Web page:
Topical chemotherapy typically involves the application of a cream or lotion to the affected area one or two times a day for several weeks. Basal cell and squamous cell cancers that are present only in the top layer of the skin can be treated with a drug called fluorouracil (5-FU). Basal cell cancer located only in the top layer of the skin can also be treated with a drug called imiquimod, which stimulates the immune system.

Systemic chemotherapy, given through a vein or in pill form, is less common for non-melanoma skin cancer.

Radiation Therapy for Skin Cancer

Radiation therapy (also called radiotherapy) uses high-energy x-rays or other types of radiation to kill cancer cells. 

Radiation therapy may be used for skin cancer in areas where surgery could be difficult or leave a bad scar, such as the eyelid, ear, top of the head, or nose. It’s also recommended for patients who:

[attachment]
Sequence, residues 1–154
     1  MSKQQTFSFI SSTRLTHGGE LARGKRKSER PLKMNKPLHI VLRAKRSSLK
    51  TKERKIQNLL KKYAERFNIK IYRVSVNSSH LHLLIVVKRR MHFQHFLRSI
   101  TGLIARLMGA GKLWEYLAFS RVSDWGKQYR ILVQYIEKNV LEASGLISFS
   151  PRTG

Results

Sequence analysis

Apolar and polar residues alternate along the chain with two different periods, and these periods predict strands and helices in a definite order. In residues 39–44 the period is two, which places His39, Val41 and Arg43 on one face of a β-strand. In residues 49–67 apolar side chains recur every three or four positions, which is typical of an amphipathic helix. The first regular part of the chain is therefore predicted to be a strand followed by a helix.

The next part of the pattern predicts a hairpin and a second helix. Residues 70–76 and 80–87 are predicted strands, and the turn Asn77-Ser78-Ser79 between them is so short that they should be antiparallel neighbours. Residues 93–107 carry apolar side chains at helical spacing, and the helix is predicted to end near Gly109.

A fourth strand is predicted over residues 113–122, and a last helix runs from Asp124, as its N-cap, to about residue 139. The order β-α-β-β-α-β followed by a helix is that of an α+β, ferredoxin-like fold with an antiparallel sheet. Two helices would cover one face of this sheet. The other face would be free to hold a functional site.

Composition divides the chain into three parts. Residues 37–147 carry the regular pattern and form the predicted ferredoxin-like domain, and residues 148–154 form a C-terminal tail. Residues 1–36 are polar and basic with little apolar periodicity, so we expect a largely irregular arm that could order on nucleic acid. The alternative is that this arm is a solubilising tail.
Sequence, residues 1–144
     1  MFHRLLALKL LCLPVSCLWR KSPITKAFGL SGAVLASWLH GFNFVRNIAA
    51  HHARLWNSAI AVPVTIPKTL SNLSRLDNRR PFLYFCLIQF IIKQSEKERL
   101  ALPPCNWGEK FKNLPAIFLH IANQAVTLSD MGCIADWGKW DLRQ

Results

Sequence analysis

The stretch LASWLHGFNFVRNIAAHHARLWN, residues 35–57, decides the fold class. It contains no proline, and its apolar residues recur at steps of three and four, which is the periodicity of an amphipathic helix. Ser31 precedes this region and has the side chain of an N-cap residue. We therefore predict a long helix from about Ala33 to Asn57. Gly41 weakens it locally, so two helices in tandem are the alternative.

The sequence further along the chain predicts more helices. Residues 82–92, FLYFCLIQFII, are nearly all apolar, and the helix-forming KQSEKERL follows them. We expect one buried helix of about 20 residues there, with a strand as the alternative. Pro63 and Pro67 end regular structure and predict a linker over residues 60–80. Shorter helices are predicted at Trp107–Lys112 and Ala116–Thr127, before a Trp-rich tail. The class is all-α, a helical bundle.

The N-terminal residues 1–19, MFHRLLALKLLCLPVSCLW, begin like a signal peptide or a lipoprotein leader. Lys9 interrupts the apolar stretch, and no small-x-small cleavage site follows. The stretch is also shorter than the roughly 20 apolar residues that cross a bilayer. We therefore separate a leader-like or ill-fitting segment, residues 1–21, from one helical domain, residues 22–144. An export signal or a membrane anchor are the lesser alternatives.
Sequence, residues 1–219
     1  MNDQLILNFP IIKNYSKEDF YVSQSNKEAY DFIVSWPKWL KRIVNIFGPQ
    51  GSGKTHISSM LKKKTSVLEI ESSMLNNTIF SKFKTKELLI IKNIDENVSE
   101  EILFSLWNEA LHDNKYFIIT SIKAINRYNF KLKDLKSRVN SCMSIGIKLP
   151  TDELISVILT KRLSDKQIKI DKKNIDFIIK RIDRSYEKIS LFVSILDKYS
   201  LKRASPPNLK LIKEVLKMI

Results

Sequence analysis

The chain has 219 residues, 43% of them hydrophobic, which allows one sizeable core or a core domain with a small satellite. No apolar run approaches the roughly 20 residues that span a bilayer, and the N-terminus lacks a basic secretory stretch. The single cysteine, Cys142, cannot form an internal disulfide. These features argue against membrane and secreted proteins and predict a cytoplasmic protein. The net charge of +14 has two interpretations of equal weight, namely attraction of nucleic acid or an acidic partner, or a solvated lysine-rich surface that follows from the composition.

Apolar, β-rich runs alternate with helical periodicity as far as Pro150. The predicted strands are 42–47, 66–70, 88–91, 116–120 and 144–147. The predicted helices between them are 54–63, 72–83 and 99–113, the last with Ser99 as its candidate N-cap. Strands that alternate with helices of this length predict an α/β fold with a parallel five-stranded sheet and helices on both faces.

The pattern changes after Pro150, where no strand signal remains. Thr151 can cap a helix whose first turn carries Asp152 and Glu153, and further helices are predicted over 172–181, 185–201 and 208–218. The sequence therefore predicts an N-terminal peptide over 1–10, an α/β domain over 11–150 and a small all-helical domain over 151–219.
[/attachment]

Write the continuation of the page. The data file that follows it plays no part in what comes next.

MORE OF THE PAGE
• Had surgery, but the doctor feels there could still be cancer cells in the area
  • Have a larger area to be treated
  • Had non-melanoma skin cancer return in the same spot
  • Don't want surgery or are not able to be given general anesthesia

There are two types of radiation therapy for skin cancer: external beam radiation therapy (EBRT) and brachytherapy.

  • External beam radiation therapy delivers beams of radiation from a machine outside the body to the precise location where the cancer is located or to the surgery site. Treatments last a few minutes each session, with treatment given five days a week for several weeks.

  • High dose-rate brachytherapy involves placing the radiation source on top of the skin cancer for short periods of time. HDR brachytherapy can be used for basal cell or squamous cell skin cancers. An applicator is filled with the radioactive material and then placed where it can deliver radiotherapy to the affected area. This can be repeated a couple times a week for several weeks to be sure the cancer cells are destroyed.